The Shame of St. Elizabeths
The headlines today show D.C. Mayor Tony Williams finally taking action on the horrific treatment of the mentally retarded in this city, as the mayor, facing the prospect of losing control to a court-appointed receiver, sacks the head of the District's mental retardation agency.
But the shameful way in which Washington takes care of its most vulnerable citizens extends beyond the mentally retarded right into the District's primary facility for the mentally ill, St. Elizabeths Hospital, the faded jewel of an institution overlooking the city in Southeast.
A new investigation by the U.S. Justice Department blasts the city for its treatment of patients at St. Es, concluding that patients there live in great danger, are subjected to inhumane treatment and are sent out from the hospital without the tools to survive or thrive in their new settings. Justice is threatening to sue the city over its mistreatment of the mentally ill unless the District agrees to a whole mess of changes, pronto.
The investigation found abuse of patients, patients walking out of supposedly secure facilities, and a frightening pattern of assaults--138 patient on patient assaults and 34 patient on staff assaults in the first four months of last year alone. "There appears to have been little or no supervision" in many of those assaults, the report says.
Apparently, patients who are supposed to be under watch walk off campus pretty much at will, and the investigation found that in at least some of those escape cases, St. Es staff didn't bother to look into the disappearance at all.
When a patient found another patient sitting on a toilet with a plastic bag around her head and a string around her neck, the suicidal patient was supposed to be put on observation. Instead, St. Es personnel restrained her on a bed for 24 hours and made no effort to find out where she had gotten the bag or string--or a piece of glass that she used in a second suicide attempt four days later.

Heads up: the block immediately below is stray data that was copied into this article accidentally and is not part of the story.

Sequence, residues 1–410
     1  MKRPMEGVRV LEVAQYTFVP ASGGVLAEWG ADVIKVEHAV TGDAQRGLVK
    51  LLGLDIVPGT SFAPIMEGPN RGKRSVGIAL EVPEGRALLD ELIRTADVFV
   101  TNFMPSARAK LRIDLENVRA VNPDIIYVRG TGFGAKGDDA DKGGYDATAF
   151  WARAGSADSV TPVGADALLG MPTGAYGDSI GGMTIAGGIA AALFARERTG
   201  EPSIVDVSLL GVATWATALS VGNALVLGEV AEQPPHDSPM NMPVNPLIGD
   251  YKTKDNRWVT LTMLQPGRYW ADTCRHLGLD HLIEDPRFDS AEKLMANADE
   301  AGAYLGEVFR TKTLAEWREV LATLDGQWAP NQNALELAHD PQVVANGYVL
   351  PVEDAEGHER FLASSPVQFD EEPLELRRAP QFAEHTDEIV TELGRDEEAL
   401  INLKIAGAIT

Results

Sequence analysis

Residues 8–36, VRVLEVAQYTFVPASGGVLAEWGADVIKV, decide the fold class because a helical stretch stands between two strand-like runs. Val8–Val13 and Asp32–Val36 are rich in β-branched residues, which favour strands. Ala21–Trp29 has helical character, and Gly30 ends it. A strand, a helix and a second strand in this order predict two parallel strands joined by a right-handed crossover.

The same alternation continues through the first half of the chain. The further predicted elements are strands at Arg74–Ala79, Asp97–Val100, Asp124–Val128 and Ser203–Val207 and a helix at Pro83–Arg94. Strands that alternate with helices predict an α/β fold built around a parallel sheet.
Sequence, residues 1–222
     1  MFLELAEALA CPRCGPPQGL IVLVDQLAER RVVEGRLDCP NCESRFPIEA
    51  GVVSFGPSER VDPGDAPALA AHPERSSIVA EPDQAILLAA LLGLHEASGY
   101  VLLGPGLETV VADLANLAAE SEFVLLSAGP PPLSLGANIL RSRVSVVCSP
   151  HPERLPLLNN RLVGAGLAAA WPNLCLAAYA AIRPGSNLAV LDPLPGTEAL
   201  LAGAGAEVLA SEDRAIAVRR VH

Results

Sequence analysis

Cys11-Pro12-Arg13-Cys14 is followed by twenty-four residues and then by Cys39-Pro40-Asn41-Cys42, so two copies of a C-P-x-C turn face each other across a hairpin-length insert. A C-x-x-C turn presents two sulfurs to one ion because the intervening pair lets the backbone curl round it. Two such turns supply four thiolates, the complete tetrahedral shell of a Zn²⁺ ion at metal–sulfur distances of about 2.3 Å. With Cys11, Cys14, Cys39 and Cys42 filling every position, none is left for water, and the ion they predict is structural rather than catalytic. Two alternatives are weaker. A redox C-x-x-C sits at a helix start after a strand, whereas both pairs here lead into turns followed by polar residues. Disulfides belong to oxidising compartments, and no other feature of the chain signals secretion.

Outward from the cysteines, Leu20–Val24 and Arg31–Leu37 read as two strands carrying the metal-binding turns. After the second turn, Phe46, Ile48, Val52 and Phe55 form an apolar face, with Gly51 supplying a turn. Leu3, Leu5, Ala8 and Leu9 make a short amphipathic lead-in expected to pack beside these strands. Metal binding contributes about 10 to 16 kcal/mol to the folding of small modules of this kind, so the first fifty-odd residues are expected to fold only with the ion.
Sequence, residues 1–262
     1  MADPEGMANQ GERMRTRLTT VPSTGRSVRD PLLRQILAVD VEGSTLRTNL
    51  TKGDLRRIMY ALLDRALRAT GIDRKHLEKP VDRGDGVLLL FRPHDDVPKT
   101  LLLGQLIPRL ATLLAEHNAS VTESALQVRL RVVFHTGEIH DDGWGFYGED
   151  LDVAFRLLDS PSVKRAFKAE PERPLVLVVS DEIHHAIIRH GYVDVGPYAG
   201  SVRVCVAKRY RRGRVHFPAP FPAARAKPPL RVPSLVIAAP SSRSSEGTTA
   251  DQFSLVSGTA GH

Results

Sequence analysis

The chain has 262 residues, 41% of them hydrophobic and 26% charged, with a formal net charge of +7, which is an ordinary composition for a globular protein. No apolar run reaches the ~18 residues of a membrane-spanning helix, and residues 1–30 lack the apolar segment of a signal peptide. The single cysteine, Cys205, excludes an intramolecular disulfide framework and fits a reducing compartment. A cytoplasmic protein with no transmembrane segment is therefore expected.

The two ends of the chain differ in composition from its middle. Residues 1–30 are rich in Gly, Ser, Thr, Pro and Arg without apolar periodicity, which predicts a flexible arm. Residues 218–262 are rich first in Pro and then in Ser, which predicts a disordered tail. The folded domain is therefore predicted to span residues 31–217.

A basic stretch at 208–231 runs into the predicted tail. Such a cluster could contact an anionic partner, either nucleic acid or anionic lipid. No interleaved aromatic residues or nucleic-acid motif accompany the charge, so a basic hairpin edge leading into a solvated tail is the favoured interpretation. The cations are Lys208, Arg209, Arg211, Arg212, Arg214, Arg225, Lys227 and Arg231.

The investigation offers a long catalogue of incidents in which St. Es overmedicates and undersupervises, tosses them into seclusion for little or no reason, fails to look into allegations of abuse or neglect, and fails to address problems with a physical plant that is in "severe deterioration and serious dilapidation." We're talking rats, mice, bugs, an "overwhelming" stench, soiled diapers left in the open, and "deplorable and unsanitary conditions in the food preparation area." The list goes on: Egregious staffing shortages. Exposed electrical systems and several feet of standing water, resulting in a palpable "risk of execution." Inoperable smoke dampers, no fire alarm inspection since 2003.
Things don't get better when the feds look at the medical care provided to patients. The investigation found misdiagnoses, doctors who never finished diagnoses, cases that lingered for months or even years without any attention to identifying the patient's malady and setting a treatment plan. "In the vast majority of the cases that we reviewed, St. E's psychiatric assessments were inaccurate, incomplete and uninformative," the report says.
The investigation chronicles a number of deaths that may have happened because of lousy medical care and a gross failure to follow basic professional standards. Yet the report, by Assistant Attorney General Wan Kim, fails to name names, placing blame generally on the institution rather than holding anyone accountable. If the federal investigators are unwilling to say who is at fault here, how can the city be expected to take the report seriously?
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